The Wiert Corner – irregular stream of stuff

Jeroen W. Pluimers on .NET, C#, Delphi, databases, and personal interests

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Build interactive books using Git and Markdown: GitBook (via: Ilya Grigorik – Google+)

Posted by Jeroen Pluimers on 2014/04/24

GitBook is definitely on my list of things to try.

See the experiments from Ilya Grigorik – Google+ – Build interactive books using Git and Markdown:….

–jeroen

Posted in LifeHacker, Power User | Leave a Comment »

Apache2 on openSUSE 12.x: some notes

Posted by Jeroen Pluimers on 2014/04/24

Getting Apache configured on a *nix installation like openSUSE installation is always a bit of a challenge.

A few things I observed: Read the rest of this entry »

Posted in *nix, Apache2, Linux, Power User, SuSE Linux | 2 Comments »

IdeOne is a lot faster and more recent than “Compile and Execute C# Sharp online”

Posted by Jeroen Pluimers on 2014/04/23

I just bumped into Compile and Execute C# Sharp online.

As of writing, it uses Mono 2.10.2.0 which is quite old, and it is dead slow: it takes more than a minute to compile and execute a simple console application.

The reason is that this is a one man project.

IdeOne is much faster, for instance it took a few seconds to compile and run this simple C# program.

–jeroen

Posted in .NET, C#, Development, Mono, Software Development | Leave a Comment »

Project Naptha

Posted by Jeroen Pluimers on 2014/04/23

Interesting, not only because it is available as Chrome Extension:

Project Naptha automatically applies state-of-the-art computer vision algorithms on every image you see while browsing the web. The result is a seamless and intuitive experience, where you can highlight as well as copy and paste and even edit and translate the text formerly trapped within an image.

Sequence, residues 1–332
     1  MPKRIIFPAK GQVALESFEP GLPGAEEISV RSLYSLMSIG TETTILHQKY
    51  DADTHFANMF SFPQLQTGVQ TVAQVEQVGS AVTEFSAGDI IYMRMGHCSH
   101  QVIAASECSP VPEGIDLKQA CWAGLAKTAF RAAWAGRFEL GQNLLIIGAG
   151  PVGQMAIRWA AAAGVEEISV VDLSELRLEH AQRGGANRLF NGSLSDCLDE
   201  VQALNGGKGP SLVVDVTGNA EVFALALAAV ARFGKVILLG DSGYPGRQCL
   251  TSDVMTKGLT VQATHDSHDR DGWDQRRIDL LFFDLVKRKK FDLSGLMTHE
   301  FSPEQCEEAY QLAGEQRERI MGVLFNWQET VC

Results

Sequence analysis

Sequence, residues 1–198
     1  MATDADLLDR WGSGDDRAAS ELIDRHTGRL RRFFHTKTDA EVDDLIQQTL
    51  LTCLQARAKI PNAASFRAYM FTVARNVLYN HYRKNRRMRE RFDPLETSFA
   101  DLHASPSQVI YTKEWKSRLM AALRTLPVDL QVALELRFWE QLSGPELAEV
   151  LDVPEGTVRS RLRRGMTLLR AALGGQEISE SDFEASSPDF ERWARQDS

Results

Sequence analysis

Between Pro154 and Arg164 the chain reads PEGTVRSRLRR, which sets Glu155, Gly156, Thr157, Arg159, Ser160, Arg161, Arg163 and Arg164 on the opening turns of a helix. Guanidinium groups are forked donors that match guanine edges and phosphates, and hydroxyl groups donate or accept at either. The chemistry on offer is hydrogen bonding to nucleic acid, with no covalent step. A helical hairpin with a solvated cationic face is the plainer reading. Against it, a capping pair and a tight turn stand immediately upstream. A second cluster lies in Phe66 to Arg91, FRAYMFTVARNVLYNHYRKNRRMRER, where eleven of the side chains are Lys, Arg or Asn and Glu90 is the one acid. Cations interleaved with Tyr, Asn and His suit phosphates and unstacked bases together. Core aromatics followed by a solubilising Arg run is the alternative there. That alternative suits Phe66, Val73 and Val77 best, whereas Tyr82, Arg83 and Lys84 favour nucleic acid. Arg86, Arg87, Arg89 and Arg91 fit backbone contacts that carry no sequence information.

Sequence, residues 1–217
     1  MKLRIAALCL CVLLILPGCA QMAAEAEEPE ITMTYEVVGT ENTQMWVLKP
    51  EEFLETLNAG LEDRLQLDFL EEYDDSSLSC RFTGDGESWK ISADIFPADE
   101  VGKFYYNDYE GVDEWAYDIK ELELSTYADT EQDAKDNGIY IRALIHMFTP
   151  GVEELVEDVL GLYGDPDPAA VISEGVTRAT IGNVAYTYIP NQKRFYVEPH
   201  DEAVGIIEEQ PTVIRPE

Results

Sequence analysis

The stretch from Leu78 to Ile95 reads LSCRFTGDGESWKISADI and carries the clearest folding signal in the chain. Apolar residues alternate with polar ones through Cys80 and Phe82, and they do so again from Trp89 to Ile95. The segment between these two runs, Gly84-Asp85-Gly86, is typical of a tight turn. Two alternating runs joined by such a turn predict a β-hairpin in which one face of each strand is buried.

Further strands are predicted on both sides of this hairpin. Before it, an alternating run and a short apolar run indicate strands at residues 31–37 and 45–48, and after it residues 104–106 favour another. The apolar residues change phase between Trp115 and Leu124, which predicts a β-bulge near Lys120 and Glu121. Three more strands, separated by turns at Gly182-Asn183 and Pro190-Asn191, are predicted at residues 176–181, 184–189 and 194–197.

–jeroen

via: Project Naptha.

Posted in OCR, Power User | Leave a Comment »

rsync: the MacGyver tool for making backups on *nix based operating systems

Posted by Jeroen Pluimers on 2014/04/23

I’ve been using rsync as my MacGyver style backup-tool of choice on *nix systems and sometimes even Windows systems.

It works both locally and remotely, is simple to setup and over the years has gathered a lot of nifty functionality.

It is way easier to backup using rsync one directory to another than using tar (tar has the benefit of putting everything in one archive though) using a command like this:

rsync -aiv /path/to/source/directory /path/to/destination/directory

For remote copies, I usually add replace -aiv with -aivz or with -aiz.

Given the ubiquitous of hard disk space, I hardly compress or archive directory trees for archival purposes any more.

For an introduction of basic functionality read Everything Linux – A Tutorial on Using Rsync. An article from 1999 that is still very valid now.

Besides my praise for rsync, there are a few small things I want to mention in this article:

  1. Sometimes more is less. Recently someone asked me how to force rsync not to keep the time stamps of files.
    He wasn’t the first to ask.
    The solution is simple: since the -a option archive option implies -t, so the solution is to expand -a into its parts -rlptgoD, then remove the -t from that.
  2. The –link-dest=DIR option was added in about 2004 (later: no, link-dest was added to rsync 2.5.6 in januari 2003), which allows you to do incremental backups. Read the rest of this entry »

Posted in *nix, bash, Cygwin, Development, Linux, Power User, Scripting, Software Development, SuSE Linux | 1 Comment »

 
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